Thursday, March 4, 2021

Africa Labour Media Project take over to bolster trade unions

The takeover of the radio component of the Africa Labour Media Project by the International Trade Union Confederation (ITUC) Africa Office from the South Africa based Workers World Media Productions (WWMP) is expected to boost efforts by trade unions in Africa in their efforts to strengthen the representative organizations in Africa and educate more people on the importance of trade unionism.

This emerged at a workshop organized by the WWMP in Johannesburg recently, March 23-28, 2014 where close to 200 delegates from about 12 countries participated in evaluating the achievements of the projects both across the continent, and official announcement was made of the decision of the ITUC to assume responsibility for the coordination of the project.

“An important positive aspect of this is that it will ensure the political buy-in of the trade union leadership affiliated to ITUC. At times this was lacking previously, causing several weaknesses that slowed down the project’s development,” said Martin Jansen, Director of WWMP.

This related especially to the aspect of funding and show of commitment to the ideals espoused by the Project.
The problem was further compounded by the fact that WWMP somewhat avoided a discriminative approach because it sought to reach out to labour without being limited by issues of recognition or official legitimacy, resulting in federations avoiding ownership on the basis that they shunned sharing platform with rivals.

When asked to explain why WWMP decided to hand over the ALMP radio component to ITUC, Jansen said: “It is not WWMP’s purpose to have projects developed for its own interest but rather to service, support and strengthen the trade union movement. Much work has been done to set up and develop the project and the foundations are reasonably strong for it to grow stronger.”

The ITUC allayed concerns that once it takes over it will adopt a discriminative approach where non ITUC affiliates will find it hard to voice their issues or matters relating to their activities.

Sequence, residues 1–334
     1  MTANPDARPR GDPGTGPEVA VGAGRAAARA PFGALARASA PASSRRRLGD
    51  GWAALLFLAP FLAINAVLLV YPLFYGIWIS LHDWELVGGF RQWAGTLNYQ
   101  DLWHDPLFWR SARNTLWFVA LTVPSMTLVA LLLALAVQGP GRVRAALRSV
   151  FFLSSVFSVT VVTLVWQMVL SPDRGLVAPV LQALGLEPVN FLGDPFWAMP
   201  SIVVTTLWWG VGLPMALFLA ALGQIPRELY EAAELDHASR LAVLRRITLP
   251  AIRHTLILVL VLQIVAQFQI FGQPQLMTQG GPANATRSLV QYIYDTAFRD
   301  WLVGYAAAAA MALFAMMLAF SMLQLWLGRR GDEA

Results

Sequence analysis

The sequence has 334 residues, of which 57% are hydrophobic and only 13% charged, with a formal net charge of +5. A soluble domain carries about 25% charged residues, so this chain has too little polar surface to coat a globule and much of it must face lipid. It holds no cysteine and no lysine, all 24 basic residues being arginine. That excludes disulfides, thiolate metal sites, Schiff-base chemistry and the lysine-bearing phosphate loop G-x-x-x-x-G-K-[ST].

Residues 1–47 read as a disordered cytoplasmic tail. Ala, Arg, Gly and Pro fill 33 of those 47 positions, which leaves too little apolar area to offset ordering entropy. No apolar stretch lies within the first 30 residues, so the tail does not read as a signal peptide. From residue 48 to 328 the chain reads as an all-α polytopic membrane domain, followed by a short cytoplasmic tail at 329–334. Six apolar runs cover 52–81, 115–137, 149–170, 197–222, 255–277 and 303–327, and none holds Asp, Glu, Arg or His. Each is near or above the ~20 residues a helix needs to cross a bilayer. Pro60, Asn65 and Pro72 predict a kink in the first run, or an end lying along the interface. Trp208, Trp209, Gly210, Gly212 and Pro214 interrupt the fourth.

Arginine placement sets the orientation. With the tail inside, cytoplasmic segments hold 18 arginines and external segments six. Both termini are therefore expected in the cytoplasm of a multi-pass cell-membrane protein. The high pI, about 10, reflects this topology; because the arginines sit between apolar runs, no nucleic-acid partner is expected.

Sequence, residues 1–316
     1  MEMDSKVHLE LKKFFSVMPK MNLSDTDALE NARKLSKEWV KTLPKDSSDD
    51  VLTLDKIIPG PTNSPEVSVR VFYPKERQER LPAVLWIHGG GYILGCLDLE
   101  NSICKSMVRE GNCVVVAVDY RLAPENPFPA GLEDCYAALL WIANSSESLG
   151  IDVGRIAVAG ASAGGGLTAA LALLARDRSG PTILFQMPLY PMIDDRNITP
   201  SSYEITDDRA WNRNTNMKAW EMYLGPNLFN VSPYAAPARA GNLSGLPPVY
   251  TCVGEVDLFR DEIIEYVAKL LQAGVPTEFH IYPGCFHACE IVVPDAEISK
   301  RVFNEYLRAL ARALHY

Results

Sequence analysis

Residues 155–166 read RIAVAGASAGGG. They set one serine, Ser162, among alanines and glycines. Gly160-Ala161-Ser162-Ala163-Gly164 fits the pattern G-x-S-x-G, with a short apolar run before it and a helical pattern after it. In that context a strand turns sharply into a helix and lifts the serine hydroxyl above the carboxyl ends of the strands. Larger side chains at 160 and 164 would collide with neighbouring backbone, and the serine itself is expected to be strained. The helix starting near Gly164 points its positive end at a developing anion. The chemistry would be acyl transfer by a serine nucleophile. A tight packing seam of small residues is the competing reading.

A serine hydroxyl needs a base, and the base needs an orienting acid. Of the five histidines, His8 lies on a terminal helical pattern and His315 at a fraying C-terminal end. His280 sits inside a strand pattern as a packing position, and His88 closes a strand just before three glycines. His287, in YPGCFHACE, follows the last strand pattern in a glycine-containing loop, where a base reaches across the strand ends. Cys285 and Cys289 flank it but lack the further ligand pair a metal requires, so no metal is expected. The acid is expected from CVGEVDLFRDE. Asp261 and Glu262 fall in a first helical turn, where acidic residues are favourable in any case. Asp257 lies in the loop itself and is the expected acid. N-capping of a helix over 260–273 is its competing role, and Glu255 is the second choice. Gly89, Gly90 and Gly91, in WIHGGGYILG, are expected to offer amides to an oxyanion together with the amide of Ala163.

┬áServais Akpaca, Communications Officer of the ITUC, posited, “Well, ALMP is a project of several ITUC-Africa affiliates. As such there is no problem for ITUC-Africa inheriting a project from its affiliates.”

He added that the idea behind the take-over is that ITUC-Africa is a bigger family that can bring on board many trade union centres in Africa, and it was against that background that “the General Council of ITUC-Africa has already adopted this project in October 2012.”

Akpaca argued that the cardinal effect of the new arrangement is that they will be able to use the radio project to organise workers in Africa, adding that currently the global workforce is 2.9 billion, while unionised workers represent only 200 million.The unionisation rate in the world is only 7 percent. In Africa, it is much lower, approximately less than 5 per cent.

Therefore project will help use the radio to create a platform for discussing about the benefits of joining a trade union to potential members.

As part of the radio component of the project, previously referred to the Africa Labour Radio Project, country teams under stewardship of the WWMP come up with political and labour oriented issues that impact on trade unions and workers’ everyday life, then interviewed relevant stakeholders for radio content to be broadcast in different countries where normally hourly slots of airtime would have been secured.

The final editing was previously been done in South Africa where WWMP at Head Office whilst with new order the project will now be run from regions coordinated by  Lome, Togo, where the ITUC Africa Office is housed.

 WWMP is also engaged in empowering workers and marginalized communities to be able embark on robust service delivery campaigns, developing own community newspapers as well through mass education and labour film festivals.

Both Jansen and Akpaca have intimated that a memorandum of understanding is in the process of being signed shortly, outlining specifics.

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